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Lincoln – During National Minority Mental Health Awareness Month in July, the Division of Behavioral Health (DBH) at the Nebraska Department of Health and Human Services (DHHS) are determined to make sure that everyone who needs mental health care receives it. Poor mental health care access and quality of care contribute to poor mental health outcomes, including suicide, among racial and ethnic minority populations.
“While millions of Americans struggle with the reality of mental health conditions - whether they themselves have mental health conditions or their loved ones, the life experiences, education, income, race and ethnicity of an individual can make access to mental health treatment much more difficult," said Sheri Dawson, director of the Division of Behavioral Health at DHHS. “We encourage all our communities to talk about the importance of mental healthcare and treatment to help break down barriers, such as negative perceptions about mental illness."
Of the 32,579 consumers in Nebraska who received community-based services from the Division of Behavioral Health in FY2018, 3.3% were Native American; 0.6% were Asian; 8.4% were Black; 0.4% were Native Hawaiian/Pacific Islanders; 72.1% were White; 1.3% were two or more races; 3.7% were categorized as “other", and race was not available for 10.2%.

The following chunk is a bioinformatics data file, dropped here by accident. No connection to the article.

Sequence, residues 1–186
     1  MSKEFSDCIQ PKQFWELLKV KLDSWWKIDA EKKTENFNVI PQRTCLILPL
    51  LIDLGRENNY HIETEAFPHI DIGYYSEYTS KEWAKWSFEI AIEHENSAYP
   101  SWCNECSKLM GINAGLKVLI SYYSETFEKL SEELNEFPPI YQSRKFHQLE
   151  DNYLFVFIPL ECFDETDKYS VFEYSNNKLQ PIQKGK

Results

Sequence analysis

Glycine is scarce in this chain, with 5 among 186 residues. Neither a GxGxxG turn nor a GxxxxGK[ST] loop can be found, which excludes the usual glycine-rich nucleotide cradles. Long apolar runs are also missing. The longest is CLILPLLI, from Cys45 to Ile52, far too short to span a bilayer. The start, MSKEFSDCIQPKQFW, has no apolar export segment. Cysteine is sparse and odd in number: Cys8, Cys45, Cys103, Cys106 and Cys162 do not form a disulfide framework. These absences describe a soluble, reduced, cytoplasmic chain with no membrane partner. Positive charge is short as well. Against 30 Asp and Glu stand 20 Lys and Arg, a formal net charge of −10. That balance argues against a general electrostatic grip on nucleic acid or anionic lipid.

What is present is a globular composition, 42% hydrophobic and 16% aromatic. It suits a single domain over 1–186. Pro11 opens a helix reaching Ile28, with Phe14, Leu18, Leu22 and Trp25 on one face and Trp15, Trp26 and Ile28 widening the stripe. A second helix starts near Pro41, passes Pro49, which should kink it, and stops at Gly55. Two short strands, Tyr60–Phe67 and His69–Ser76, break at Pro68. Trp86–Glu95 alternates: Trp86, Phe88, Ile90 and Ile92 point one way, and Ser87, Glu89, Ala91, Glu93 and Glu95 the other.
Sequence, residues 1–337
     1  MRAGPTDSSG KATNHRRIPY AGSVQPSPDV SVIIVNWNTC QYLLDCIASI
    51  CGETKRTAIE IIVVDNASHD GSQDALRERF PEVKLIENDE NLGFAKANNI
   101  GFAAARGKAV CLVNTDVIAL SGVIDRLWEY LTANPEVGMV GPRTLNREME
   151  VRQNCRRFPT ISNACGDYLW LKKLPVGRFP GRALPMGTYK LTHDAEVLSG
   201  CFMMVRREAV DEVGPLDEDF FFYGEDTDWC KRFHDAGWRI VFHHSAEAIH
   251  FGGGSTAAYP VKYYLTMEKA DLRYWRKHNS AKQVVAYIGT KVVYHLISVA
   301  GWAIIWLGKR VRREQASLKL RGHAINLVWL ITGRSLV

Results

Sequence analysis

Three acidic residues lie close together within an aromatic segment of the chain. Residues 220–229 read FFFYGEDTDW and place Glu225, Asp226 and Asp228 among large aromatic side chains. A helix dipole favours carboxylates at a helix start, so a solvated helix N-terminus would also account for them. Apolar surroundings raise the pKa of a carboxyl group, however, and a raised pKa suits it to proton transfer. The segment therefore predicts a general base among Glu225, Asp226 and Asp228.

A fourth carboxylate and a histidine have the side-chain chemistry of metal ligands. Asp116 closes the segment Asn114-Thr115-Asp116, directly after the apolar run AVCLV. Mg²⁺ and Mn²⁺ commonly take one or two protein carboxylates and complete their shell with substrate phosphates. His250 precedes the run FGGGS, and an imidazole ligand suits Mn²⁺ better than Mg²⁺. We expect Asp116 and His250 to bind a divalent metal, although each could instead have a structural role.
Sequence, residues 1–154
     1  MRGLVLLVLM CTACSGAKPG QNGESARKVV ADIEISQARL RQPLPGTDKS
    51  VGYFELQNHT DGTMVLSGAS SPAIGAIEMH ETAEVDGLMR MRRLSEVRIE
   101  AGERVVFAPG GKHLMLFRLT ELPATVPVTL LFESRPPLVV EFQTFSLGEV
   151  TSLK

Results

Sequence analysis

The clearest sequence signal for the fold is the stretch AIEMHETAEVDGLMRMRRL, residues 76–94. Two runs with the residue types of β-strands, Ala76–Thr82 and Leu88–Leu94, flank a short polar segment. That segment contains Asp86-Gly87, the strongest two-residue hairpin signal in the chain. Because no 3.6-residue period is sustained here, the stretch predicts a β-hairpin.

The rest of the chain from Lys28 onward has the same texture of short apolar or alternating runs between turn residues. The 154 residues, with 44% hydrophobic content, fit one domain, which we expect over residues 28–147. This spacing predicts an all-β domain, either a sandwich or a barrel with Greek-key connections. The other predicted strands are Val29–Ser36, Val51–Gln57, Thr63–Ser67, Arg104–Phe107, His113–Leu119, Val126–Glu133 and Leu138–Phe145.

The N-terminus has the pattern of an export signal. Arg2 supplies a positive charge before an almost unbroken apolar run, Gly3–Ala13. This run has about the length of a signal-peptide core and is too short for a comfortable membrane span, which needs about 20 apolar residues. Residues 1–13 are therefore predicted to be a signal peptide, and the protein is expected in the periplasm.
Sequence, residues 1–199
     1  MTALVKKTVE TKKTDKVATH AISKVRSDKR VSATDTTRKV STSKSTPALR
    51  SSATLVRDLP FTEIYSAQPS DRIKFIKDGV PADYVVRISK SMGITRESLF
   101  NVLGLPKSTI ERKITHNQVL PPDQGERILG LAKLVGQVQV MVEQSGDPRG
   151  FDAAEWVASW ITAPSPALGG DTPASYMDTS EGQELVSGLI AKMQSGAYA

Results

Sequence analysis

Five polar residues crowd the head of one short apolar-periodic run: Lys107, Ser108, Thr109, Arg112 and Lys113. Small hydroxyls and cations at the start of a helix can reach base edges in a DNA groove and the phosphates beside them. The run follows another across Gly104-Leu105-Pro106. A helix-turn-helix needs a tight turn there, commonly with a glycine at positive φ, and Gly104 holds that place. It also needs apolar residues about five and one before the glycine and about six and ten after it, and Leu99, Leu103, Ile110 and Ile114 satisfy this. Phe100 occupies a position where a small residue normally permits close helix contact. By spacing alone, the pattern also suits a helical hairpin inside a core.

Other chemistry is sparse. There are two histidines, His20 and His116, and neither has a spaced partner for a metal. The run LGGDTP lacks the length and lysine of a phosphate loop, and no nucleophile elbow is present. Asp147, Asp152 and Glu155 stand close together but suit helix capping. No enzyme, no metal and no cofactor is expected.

“Unfortunately, COVID-19 has significantly impacted racial and ethnic minority communities in Nebraska. Existing difficulties in accessing healthcare can compound the challenges many minority populations face during a public health event, such as the ongoing pandemic. Stress related to COVID can also have an impact on individuals, so it is important that culturally competent behavioral health care is provided to everyone in need," said Josie Rodriguez, administrator for the Office of Health Disparities and Health Equity in the Division of Public Health at DHHS.
The 2020 Nebraska Health Disparities Report notes:
“Be a champion for mental health in your community. Community conversations are taking place across the country and in Nebraska. Give people a chance to learn more about mental health issues and how to reach individuals in their community," said Dawson. “Every community can start a conversation. There are so many partners ready to have new conversations where cultural humility can build new partnerships. As DBH embarks on its strategic plan, and as we increase awareness during Minority Mental Health month, let's create access in new ways and new places that reaches every Nebraskan."
Rodriguez noted that the Office of Health Disparities and Health Equity in the Division of Public Health at DHHS is currently working on a series of webinars addressing implicit bias in healthcare, which are expected to begin rolling out in early fall.
The U.S. Department of Health and Human Services, Office of Minority Health (OMH) is hosting a virtual symposium on Thursday, September 17, to highlight efforts to address COVID-19 among racial and ethnic minority populations. For more information, please visit https://minorityhealth.hhs.gov/omh/browse.aspx?lvl=1&lvlid=6.
Need to talk? It's okay to want to feel better. Reach out to your health provider, to faith based communities, your community center, or a mental provider near you. There are resources available to help you. They include: